Tag Archives: New York City

“Ceremony” b/w “In a Lonely Place” by New Order. Factory 33. Recorded 1/22/81 in Manchester, U.K.

Image courtesy of The Rodgers & Hammerstein Archive of Recorded Sound.

Image courtesy of The Rodgers & Hammerstein Archive of Recorded Sound.

Anyone writing about New Order is obliged to begin by writing about Joy Division. That is especially true in this case.

As a teenager growing up in Rochester, I thought of Joy Division as the band with the beautifully austere album covers that cooler kids listened to. I was not that cool, and I still have a hard time making it through an entire album. But as an adult, it isn’t because the music is over my head—it’s because the gloom and sadness is so thick. And it is beautiful, this gloom and sadness, even when it’s coupled with a manic adrenaline. A good example of that coupling can be found in this live clip of “She’s Lost Control.”

 

The guitar is playing a rhythm part, while the bass playing is unusually melodic. The beat is both robotic and frenzied; the drummer is playing acoustic drums, but all most of us hear is that beautiful Synare 3 handclap. And the singer’s voice is so low, both tonally and emotionally, that it walks the line between sublime and embarrassing like a tightrope. And his dancing seems all too appropriate for a song about losing control.

This was one of many fascinating musical directions that the British took when punk fizzled out in the late 1970’s.—much more musically ambitious but just as bleak as anything from the Sex Pistols, with a serious debt to the work of German electronic music pioneers like Kraftwerk. You could slam to some of it, you could do a kind of Goth vogueing to the rest of it, or you could do what singer Ian Curtis did and dance in a way inspired by the epileptic seizures that plagued him in real life. Continue reading

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“Last Mile Blues” b/w “I Can’t Quit That Man” by Ida Cox and her All-Star Orchestra. Okeh 6405. Recorded in New York City, 12/20/40.

Image courtesy of The Rodgers & Hammerstein Archive of Recorded Sound.

Image courtesy of The Rodgers & Hammerstein Archive of Recorded Sound.

 

Ida Cox didn’t run away and join the circus as a teenager. Instead, the small-town Georgia girl ran away and joined a traveling minstrel tent show at the age of fourteen. Experience in that field lead to the better-paying vaudeville circuit as a singer and comedienne. She had her Paramount Records debut in 1923, with fellow female musician Lovie Austin accompanying her on piano. This is her very first record, “Graveyard Dream Blues.”

 

Ida was especially good at bringing songs about death to life. 1925’s “Coffin Blues” is an excellent example. This song features future husband Jesse Crump on harmonium, adding an especially funereal element to the sound.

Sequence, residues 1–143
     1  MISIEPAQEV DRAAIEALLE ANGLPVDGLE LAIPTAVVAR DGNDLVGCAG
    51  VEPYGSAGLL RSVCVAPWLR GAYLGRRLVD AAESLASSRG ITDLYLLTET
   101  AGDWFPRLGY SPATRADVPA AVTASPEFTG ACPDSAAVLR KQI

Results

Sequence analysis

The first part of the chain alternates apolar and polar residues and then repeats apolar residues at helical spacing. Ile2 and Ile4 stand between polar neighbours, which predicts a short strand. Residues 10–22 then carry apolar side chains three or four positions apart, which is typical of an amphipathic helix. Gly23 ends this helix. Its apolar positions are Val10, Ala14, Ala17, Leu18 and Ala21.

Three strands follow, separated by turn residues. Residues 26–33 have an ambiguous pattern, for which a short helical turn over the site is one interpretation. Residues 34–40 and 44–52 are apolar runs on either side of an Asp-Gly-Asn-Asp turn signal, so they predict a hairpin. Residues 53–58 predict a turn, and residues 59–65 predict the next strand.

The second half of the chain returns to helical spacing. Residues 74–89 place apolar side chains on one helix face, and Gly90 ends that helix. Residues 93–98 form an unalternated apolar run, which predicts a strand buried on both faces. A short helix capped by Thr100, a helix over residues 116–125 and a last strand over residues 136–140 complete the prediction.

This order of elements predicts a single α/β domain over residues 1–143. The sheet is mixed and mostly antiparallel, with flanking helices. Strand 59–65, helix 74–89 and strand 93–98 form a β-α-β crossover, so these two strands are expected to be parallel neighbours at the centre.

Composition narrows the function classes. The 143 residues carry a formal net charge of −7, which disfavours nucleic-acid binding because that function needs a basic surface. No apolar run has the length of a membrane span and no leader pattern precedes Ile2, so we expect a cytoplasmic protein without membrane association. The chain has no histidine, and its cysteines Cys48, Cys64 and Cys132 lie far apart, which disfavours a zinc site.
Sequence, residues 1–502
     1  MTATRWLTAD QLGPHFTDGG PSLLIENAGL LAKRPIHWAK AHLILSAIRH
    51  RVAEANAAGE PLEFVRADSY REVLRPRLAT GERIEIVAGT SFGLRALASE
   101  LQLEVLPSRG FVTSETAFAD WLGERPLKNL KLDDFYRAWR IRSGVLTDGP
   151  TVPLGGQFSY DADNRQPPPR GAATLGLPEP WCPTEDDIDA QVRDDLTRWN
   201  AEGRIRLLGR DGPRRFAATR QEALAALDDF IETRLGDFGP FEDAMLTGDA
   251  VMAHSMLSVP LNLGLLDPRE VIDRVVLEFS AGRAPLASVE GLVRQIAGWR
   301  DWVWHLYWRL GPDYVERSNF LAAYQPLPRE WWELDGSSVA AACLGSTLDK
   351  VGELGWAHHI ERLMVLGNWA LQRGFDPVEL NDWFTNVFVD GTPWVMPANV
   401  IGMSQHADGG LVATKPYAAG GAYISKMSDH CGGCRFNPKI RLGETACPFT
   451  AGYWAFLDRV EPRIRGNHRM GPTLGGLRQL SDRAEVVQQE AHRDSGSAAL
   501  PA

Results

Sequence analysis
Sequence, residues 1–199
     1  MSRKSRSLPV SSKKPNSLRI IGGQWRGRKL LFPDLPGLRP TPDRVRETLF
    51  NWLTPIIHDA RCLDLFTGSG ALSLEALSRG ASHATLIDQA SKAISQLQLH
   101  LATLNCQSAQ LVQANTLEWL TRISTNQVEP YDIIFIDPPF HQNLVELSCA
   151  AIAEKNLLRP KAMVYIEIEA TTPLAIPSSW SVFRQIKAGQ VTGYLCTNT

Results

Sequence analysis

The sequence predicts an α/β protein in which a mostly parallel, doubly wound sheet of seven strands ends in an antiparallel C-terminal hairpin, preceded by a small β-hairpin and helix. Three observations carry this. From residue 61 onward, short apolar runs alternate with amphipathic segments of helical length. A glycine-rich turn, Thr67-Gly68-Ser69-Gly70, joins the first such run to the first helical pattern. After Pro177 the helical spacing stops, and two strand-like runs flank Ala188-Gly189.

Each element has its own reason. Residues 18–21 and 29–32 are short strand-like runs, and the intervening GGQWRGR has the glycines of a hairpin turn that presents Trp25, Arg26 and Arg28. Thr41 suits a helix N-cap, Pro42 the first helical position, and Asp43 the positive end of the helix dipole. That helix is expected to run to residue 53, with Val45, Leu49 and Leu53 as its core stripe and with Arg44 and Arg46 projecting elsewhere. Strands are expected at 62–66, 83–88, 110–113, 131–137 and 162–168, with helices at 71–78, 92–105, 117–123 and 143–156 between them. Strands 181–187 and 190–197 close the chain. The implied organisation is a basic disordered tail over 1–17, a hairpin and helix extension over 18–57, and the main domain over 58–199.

Ida was able to parlay her touring experience into managing her own road show, which was pretty unusual for a woman at that time. And she either wrote or co-wrote most of the songs she recorded, including this number that, had she lived long enough, would have earned her a fortune in bumper sticker royalties. This is “Wild Women Don’t Have the Blues.”

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45: “Orphans” b/w “Less of Me” by Teenage Jesus and the Jerks. Migraine Records~Lust/Unlust CC-333. Recorded February, 1978 in New York City.

Image courtesy of The Rodgers & Hammerstein Archive of Recorded Sound.

Image courtesy of The Rodgers & Hammerstein Archive of Recorded Sound.

Image courtesy of The Rodgers & Hammerstein Archive of Recorded Sound.

Image courtesy of The Rodgers & Hammerstein Archive of Recorded Sound.

Folks from Rochester take a lot of pride in our ability to deal with winter weather. This has been an unusually harsh winter here in New York City, but compared to storms in which two feet of snow fall over the course of a day, it hasn’t been that bad. Something else that defines Rochestarians is a desire to get the hell out, which is what Lydia Lunch did at the age of sixteen, in 1976. She moved to New York City in part because she was a big fan of The New York Dolls: “I felt like a man trapped in a woman’s body, and here were men trapped in women’s clothing.” Her confrontational attitude served her well in her new home of late-70’s downtown Manhattan. She fell in with some like-minded creative types—like Alan Vega and Martin Rev of Suicide—and it didn’t take long for her to start making music. This recording of “My Eyes” is from 1977, though it wasn’t released until 1980: